"When you put a bunch of kids together, it's kind of expected that they're going to party," said Wang, who was waiting for a swab on Saturday before a planned visit with family in Burlington.

He didn't expect all his courses to be online when he decided to move back to London, and his school year so far has not included such typical perks as access to the gym and classes on campus.

12 Netflix Original Movies That Are Actually Just Terrible

  12 Netflix Original Movies That Are Actually Just Terrible All Netflix, No Chill.

The COVID - 19 pandemic continues to affect countries differently. Challenges to any international travel at this time may include mandatory quarantines, travel restrictions, and closed borders. Foreign governments may implement restrictions with little notice, even in destinations that were previously

Latest information on the geographical distribution of COVID - 19 cases globally, updated daily. As of 24 August 2020, Authorities in Luxembourg report COVID - 19 cases and deaths from their resident population only. All data should be interpreted with caution as the outbreak is evolving rapidly.

"I kind of regret moving back now, but it is what it is," Wang said, noting there were more cases at Western than in his hometown, which had just 15 active cases as of Friday.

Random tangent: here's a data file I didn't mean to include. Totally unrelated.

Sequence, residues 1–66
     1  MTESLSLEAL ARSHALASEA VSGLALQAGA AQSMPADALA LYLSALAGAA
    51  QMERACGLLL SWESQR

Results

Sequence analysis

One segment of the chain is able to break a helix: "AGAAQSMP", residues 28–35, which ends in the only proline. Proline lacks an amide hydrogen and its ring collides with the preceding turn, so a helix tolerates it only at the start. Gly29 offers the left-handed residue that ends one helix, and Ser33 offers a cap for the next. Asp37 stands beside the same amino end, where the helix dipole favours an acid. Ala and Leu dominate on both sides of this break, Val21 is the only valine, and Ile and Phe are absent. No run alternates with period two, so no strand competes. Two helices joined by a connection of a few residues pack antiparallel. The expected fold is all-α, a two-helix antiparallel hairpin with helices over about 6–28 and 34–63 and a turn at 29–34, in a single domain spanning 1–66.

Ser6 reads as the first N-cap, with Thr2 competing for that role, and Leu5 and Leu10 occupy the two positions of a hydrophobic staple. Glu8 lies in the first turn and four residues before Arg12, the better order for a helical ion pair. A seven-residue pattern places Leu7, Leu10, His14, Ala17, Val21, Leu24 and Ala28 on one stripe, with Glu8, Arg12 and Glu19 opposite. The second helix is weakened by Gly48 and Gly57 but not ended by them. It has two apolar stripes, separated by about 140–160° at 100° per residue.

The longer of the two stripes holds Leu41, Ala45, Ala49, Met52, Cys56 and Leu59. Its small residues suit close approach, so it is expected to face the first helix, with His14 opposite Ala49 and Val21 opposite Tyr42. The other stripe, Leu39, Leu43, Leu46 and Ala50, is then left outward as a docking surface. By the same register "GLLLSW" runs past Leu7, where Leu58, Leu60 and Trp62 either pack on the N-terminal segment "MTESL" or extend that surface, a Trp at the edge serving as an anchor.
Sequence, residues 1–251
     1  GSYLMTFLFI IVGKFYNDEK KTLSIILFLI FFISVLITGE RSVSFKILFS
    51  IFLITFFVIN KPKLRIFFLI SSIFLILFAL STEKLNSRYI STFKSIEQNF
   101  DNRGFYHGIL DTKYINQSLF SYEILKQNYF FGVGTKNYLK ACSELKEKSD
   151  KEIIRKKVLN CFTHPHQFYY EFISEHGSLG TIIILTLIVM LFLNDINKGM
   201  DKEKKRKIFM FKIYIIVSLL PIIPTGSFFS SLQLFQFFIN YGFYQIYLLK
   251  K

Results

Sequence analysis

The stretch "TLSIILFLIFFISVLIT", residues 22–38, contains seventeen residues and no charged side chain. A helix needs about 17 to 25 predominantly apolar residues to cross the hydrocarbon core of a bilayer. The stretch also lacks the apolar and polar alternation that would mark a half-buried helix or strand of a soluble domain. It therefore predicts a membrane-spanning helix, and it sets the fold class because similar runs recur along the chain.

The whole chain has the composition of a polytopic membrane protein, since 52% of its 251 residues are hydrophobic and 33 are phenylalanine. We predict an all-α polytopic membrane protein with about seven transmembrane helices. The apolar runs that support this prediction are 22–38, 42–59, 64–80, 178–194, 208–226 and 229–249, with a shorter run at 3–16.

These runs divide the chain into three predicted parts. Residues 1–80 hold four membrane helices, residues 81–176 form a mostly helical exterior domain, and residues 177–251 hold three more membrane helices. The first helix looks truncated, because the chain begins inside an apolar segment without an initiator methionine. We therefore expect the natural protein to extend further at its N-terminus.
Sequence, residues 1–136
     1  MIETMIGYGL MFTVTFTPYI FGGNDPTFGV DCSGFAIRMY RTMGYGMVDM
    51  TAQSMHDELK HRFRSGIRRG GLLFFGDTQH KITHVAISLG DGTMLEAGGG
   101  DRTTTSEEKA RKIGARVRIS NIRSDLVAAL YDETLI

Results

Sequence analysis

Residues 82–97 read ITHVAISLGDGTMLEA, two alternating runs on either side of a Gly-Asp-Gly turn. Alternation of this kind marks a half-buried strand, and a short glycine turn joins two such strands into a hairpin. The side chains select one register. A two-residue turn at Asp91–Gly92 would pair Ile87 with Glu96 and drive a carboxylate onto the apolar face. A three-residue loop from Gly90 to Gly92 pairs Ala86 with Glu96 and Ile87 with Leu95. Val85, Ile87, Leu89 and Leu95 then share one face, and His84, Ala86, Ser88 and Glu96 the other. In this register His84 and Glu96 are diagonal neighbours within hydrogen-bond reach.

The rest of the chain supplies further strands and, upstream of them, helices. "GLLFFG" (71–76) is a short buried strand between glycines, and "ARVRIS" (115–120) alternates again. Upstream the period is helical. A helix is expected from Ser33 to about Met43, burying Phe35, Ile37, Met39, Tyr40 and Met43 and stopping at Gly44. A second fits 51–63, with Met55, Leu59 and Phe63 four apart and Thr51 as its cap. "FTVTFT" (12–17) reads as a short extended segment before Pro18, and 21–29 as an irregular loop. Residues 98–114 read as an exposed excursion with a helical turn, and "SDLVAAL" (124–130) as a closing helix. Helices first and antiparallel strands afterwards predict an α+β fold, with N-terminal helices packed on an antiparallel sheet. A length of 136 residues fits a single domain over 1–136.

"Is there really any point coming back when everything's online and it's more dangerous here than at home?"

Matt Reesor, Western's student council president, said he's been fielding questions from anxious students since the summer, with greater urgency in recent weeks as uncertainty has become "the theme of the entire year so far."

"(They're) looking for that clarity to understand what's happening, and to make sure they're safe and the community's safe," Reesor said.

Cross-country team member Mark Royce was running near the campus' outdoor track on Saturday, though the facility itself was closed and unoccupied.

The 18-year-old had been looking forward to training with his new team, but group practices were swiftly cancelled after the first session.

Instead, team members have broken into smaller groups for training while the university weathers the outbreaks. Royce is hopeful an indoor track season might shape up later on, but he supports the decision to shut things down.

The latest numbers on COVID-19 in Canada for Sept. 22

  The latest numbers on COVID-19 in Canada for Sept. 22 The latest numbers of confirmed COVID-19 cases in Canada as of 1 a.m. EDT on Sept. 22, 2020: There are 145,415 confirmed cases in Canada. _ Quebec: 68,128 confirmed (including 5,804 deaths, 59,131 resolved) _ Ontario: 47,274 confirmed (including 2,829 deaths, 41,146 resolved) _ Alberta: 16,739 confirmed (including 256 deaths, 15,024 resolved) _ British Columbia: 8,208 confirmed (including 227 deaths, 5,972 resolved) _ Saskatchewan: 1,814 confirmed (including 24 deaths, 1,645 resolved) _ Manitoba: 1,608 confirmed (including 18 deaths, 1,227 resolved) _ Nova Scotia: 1,086 confirmed (including 65 deaths, 1,020 resolved) _ Newfoundland and Labrador: 272 confirmed (including 3 deaths, 267 resolv